After weeks and months of negotiations, Portugal is preparing for disruption as transport trucks are scheduled to begin their strike on August 12. The full magnitude of the strike has not been defined, but the nation is preparing all industries for material shortages and shipment delays. Truck drivers are some of Portugal’s most underpaid and overworked employees and face dangerous and harmful situations as they transport hazardous materials across the country daily.
Although the strikes could be devastating for the country, economy and citizens as a whole, at this point in the conversations with the unions, the drivers’ union can see no other option but to take action in order to force an end to the ongoing negotiations. The negotiations have revolved around a base salary increase of €100 over the three years.
The truck drivers’ union 22 years old, and this is the first time a strike has been called. With the three-day gasoline strike having taken place in April and having effectively crippled the country for a few days, authorities are very worries about the immediate impact of this impending action.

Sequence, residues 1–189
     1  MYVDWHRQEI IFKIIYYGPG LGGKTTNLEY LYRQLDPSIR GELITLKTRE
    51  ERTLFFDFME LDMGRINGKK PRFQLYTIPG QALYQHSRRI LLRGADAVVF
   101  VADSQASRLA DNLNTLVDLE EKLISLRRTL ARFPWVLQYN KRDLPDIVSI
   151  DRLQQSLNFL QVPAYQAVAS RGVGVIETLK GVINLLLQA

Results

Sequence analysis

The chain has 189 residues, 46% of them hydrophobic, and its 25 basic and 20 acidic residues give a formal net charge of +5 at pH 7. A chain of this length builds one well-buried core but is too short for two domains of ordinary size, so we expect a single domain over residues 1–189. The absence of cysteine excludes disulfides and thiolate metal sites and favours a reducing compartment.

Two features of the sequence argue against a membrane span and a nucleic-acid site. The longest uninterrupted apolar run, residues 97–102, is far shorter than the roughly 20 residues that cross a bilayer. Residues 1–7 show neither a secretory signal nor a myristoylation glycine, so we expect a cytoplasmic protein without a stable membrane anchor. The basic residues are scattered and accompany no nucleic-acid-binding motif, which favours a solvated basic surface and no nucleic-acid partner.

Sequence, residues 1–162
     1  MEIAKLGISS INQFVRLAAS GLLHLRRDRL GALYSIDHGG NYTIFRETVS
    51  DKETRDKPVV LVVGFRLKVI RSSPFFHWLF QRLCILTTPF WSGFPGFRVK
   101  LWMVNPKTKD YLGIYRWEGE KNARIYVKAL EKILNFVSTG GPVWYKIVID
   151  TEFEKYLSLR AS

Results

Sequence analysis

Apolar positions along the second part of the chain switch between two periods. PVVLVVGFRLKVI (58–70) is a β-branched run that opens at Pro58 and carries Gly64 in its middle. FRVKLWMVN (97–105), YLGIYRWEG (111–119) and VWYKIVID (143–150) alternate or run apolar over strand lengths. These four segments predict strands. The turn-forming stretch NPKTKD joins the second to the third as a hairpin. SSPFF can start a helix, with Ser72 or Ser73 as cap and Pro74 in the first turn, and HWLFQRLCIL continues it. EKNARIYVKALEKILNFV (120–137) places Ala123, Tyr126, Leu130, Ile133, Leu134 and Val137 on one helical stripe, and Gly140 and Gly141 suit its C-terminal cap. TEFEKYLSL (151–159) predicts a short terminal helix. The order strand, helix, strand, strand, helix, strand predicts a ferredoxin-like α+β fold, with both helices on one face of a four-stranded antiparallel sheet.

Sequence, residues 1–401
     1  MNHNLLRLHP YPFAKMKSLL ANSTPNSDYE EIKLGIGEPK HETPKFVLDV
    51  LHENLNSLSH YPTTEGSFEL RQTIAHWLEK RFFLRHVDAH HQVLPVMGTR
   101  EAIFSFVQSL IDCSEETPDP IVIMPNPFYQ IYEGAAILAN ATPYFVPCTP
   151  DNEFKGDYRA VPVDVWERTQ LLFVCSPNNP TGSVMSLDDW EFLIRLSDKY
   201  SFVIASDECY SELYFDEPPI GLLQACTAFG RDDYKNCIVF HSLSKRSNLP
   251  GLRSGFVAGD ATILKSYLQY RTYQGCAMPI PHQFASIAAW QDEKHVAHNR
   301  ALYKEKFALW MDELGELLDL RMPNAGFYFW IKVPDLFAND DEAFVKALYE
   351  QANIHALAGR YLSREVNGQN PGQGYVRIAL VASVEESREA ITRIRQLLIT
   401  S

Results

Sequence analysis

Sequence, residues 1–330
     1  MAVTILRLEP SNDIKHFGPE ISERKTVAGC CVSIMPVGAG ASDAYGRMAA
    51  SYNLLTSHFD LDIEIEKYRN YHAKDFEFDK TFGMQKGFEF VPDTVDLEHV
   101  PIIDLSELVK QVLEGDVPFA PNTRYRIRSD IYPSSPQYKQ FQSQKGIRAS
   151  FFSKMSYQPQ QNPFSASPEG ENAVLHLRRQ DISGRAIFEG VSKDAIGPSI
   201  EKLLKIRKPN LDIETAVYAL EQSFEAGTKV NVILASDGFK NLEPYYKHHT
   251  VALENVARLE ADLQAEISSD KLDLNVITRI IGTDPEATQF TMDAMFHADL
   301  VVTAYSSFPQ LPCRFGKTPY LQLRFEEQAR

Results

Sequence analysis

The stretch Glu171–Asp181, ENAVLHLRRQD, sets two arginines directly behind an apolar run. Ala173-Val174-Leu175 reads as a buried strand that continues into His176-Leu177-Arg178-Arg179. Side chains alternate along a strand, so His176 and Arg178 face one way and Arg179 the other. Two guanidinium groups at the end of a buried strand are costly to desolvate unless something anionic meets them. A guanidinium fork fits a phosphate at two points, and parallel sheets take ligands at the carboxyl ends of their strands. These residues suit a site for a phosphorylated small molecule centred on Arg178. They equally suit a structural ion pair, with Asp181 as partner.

Portugal’s economy primarily relies on industries such as fishing, clothing & footwear, tourism, textiles and construction. All of these industries are dependent, in one way or another, on the delivery and shipment of materials, as well as on truck drivers for the exporting of goods manufactured in Portugal. If the truck drivers go on an extended strike, it is likely to have a severe negative impact across the entire country and many industries. With the country already reeling from the effects of the recent economic crisis, increased stress on the nation is bound to be paralyzing for a number of industries and companies.
Portugal is also suffering from high unemployment rates (12.4% as of 2016), the 18-25 year old age bracket particularly suffering from a jobless rate of 30%. There is a shortage of skilled workers for positions requiring advanced degrees or post-secondary school education. With the majority of the country employed in industries that rely on the continued work of truck drivers, everyone is hoping for a mutually satisfactory conclusion to negotiations before August 12th and that the threat of a strike is enough to finalize negotiations without putting the fate of the nation’s economy in jeopardy.